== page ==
Faith and freedom are intrinsically linked. This is how God addressed Adam, from the pen of great medieval poet Giovanni Pico della Mirandola: “We have made you neither of heavenly nor of earthly stuff, neither mortal nor immortal, so that with free choice and dignity, you may fashion yourself into whatever form you choose. To you is granted the power of degrading yourself into the lower forms of life, the beasts, and to you is granted the power, contained in your intellect and judgment, to be reborn into the higher forms, the divine” [Oratio de Hominis Dignitate].
So God did not put us in a specific place in the cosmic hierarchy: You choose whether you are to be of earth or heaven. It’s a very broad topic, but it can all be summed up to the choice between heaven and earth. It is the basis of faith.
There is another trend happening today. Some new ideologies want to ensure that human beings no longer have that fundamental freedom of choice of being able to be good or bad. It makes it so that we no longer have the necessary experience to distinguish good from evil, beauty from ugliness. Our free will is annihilated by our societies. There is a battle, a struggle between civilization and culture, as I’ve mentioned before. Civilization crucifies poetry, symbolically, of course. But culture and poetry have this faculty of always rising up in all times and preserving the timeless truths of the human person.
How would you describe the faith of the Georgian people?
It is well known that we, from the beginning, have lived in the circle of Islamism, and we’ve always been forced to defend our faith. This is the history of my country, and this is the origin of that fire, this passion of ours in defending Christianity. That fire still burns; it is very much alive in Georgia. For us, the tradition is Christianity, and it’s about passing this fire on to the next generation, instead of worshipping the ashes.
As a Christian and a politically engaged poet, how did you experience the Armenia-Azerbaijan conflict in the Nagorno-Karabakh region, that is close to your country?
We have been mediating between the two countries and peoples for some time now. They are both our friends and historical neighbors. Our prime minister, in recent months, has had very effective mediations for peace in the Caucasus. During the conflict, I couldn’t position myself only from a Christian perspective, because when the blood of human being is shed, one cannot make such considerations.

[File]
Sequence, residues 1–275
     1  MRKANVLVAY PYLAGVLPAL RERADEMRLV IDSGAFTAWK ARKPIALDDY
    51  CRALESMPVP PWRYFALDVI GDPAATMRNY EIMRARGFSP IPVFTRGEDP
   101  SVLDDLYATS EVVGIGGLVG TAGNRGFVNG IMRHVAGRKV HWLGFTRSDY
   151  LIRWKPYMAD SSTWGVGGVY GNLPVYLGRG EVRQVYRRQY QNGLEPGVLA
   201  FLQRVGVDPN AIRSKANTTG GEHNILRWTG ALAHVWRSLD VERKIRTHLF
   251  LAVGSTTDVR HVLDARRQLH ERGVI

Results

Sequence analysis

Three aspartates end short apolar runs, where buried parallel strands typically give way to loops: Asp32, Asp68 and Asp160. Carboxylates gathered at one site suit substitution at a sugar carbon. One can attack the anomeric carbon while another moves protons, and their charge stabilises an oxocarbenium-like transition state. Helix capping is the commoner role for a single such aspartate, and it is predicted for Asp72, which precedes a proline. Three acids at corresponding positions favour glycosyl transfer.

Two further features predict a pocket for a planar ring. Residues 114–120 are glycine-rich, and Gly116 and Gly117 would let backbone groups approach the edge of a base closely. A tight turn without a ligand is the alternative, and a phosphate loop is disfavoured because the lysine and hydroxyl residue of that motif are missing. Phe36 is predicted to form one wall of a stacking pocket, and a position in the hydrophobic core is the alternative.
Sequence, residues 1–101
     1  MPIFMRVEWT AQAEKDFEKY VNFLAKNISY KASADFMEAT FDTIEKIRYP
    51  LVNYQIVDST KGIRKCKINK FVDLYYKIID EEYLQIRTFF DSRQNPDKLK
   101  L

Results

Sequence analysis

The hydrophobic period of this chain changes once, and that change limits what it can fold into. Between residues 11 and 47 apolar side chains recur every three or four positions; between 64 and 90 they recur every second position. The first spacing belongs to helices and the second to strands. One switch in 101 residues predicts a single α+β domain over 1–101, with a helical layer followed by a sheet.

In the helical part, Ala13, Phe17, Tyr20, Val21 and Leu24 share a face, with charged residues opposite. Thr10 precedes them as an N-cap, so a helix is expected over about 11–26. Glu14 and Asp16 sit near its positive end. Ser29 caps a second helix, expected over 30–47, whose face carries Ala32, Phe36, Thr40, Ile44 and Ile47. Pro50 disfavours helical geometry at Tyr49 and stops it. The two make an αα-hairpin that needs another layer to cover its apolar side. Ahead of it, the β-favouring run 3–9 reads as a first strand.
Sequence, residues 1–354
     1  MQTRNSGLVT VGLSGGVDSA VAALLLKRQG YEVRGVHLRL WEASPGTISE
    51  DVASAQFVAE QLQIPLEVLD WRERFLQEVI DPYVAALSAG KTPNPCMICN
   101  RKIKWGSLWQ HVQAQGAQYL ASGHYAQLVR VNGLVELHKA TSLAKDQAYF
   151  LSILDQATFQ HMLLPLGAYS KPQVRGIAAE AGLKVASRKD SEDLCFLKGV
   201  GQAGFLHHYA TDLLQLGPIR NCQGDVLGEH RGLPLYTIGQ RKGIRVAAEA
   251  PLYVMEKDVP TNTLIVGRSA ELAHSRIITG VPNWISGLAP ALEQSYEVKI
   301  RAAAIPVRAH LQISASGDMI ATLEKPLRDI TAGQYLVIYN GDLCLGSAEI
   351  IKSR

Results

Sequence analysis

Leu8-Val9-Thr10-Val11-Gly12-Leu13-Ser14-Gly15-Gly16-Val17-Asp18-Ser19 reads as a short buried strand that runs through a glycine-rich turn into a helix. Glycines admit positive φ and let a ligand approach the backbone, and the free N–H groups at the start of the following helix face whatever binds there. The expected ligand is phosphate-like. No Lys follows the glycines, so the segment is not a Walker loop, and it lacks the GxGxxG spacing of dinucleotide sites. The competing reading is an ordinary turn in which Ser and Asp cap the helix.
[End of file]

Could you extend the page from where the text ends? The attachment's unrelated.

The international press has recently reported the political crisis and popular outrage in Georgia after the arrest of former president Mikheil Saakashvili, who also went on a hunger strike for weeks. What is your view on the situation?
There are very serious charges against the former president. Some of the Georgian people consider that because he used to be a president, he doesn’t have to answer to these charges; but I believe that among citizens, there shouldn’t be higher categories that can absolve themselves from the laws and second-class citizens who are held accountable for their acts. The law is the same for everyone. As a Christian, I can say that we are all equal before God.
The current government, in my opinion, is very open to freedom of expression, which was not the case at the time of the former president, who also used to control the press. It is important to point this out because there is a lot of false information circulating.
Can you tell us about your next literary project?
I always work without plans. The poet’s destiny is like this: Every moment, every minute counts; you write something — then you stop to think again. You can maybe catch some details that people around you might not catch.
Here is my perception of my special vocation: While during the Eucharist, the bread and wine become the Flesh and Blood of Christ, the very simple words, the prayers of the poet, can become poetry. That is what I will continue to give to this world.